The Protection of the Law

Another question facing Sony Pictures is whether the studio was required to make any changes to the film under the law. The executives at Sony Pictures took note of other movies about real events, including “Zero Dark Thirty,” “Moneyball” and “The Social Network,” “all of which were later criticized to varying degrees for veering from accuracy.”[18]

Unraveling the tangled world of intellectual property law can be tricky. The NFL cannot have any copyright infringement claims because they cannot copyright the events of the concussion controversy. In Feist Publications v. Rural Telephone Service Co., the United States Supreme Court makes it clear that facts are not copyrightable.[19] The facts of true-life events can be used as an artist chooses because history cannot be limited to a single person’s use.[20] Even if the events of the controversy were somehow copyrighted, Concussion falls within the fair use exception to copyright infringement which allows “criticism,” “comment,” “news reporting,” “teaching,” “scholarship,” and “research” of copyrightable works.[21]

Courts tend to side with the allowance of artistic expression, because “even without permission, those engaged in noncommercial expression, such as filmmakers, are at liberty to reference, disparage, ridicule, or otherwise use a trademark or trademarked product in their expressive work without undue fear of trademark liability.”[22] Trademark law developed in hopes to prevent confusion regarding “the origin, sponsorship, or approval of their goods by another person” and prevent misrepresentation of the source of the trademarked good or service.[23] The use of NFL trademarks in Concussion will not cause confusion because the NFL is a staple company and the telling of a story that involves the NFL, especially in a negative light, cannot easily be confused with something that the NFL would endorse. In theory, the First Amendment gives filmmakers the right to make a movie about any living person, so long as it doesn’t defame the person or violate his/her privacy rights.[24]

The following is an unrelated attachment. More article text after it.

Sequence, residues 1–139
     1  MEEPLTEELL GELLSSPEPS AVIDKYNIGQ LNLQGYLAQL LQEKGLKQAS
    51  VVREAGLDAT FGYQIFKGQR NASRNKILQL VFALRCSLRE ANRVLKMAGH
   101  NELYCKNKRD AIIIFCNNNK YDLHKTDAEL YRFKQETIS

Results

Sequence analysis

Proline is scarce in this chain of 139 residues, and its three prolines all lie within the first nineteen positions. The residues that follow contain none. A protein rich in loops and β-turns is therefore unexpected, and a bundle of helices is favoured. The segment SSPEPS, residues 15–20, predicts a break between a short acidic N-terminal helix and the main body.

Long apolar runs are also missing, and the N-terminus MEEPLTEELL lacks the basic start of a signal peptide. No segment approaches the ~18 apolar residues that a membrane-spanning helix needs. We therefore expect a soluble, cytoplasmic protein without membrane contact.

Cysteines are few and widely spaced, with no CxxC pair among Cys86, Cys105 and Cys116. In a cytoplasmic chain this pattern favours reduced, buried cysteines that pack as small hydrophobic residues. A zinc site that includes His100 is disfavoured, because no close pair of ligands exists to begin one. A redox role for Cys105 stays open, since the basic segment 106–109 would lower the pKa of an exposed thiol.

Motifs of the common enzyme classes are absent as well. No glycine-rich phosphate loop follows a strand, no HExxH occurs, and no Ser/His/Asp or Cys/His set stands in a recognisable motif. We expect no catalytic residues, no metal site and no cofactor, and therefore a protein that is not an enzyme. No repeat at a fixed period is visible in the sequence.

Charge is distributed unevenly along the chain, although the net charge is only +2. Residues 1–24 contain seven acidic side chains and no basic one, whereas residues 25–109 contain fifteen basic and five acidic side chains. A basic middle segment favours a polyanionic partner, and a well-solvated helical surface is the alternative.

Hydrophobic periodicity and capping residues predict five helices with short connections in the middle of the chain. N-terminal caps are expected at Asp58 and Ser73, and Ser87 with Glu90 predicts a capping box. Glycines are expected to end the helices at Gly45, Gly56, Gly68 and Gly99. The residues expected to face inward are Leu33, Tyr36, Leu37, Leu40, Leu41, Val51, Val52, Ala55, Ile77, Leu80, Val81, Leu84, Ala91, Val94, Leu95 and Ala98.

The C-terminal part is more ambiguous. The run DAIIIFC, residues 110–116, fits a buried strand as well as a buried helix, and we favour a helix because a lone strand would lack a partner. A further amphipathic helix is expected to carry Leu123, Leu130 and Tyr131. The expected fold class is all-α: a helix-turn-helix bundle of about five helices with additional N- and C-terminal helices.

Peter Lansdale, Director of Concussion stated in uncovered emails to the movie’s executives, “[w]e might have gotten away with it legally, but it might have damaged our integrity as filmmakers.” [25] So don’t fret; your “based on a true story” movies are safe within the eyes of the law. However, how true to they story they are is entirely up to the production teams.

* Staff Writer, Jeffrey S. Moorad Sports Law Journal; J.D. Candidate, May 2017, Villanova University School of Law.

[1] Nancy Armour, Armour: Trailer for ‘Concussion’ movie only start of headache for NFL, USA Today Sports (Sept. 1, 2015),–smith-alec-baldwin/71468796/. (quoting a scene from the Concussion movie). This line was said by Alec Baldwin, portraying former Pittsburgh Steelers physician Dr. Julian Bailes, to Will Smith, portraying Dr. Bennett Omalu in the movie

[2] See id.

[3] See Ken Belson, Sony Altered ‘Concussion’ Film to Prevent N.F.L. Protests, Emails Show, N.Y. Times (Sept. 1, 2015),

[4] See Amar Toor, Sony Changed Concussion to Avoid Legal Problems With the NFL, The Verge (Sept. 2, 2015, 5:01 AM),; see also Armour, supra note 1.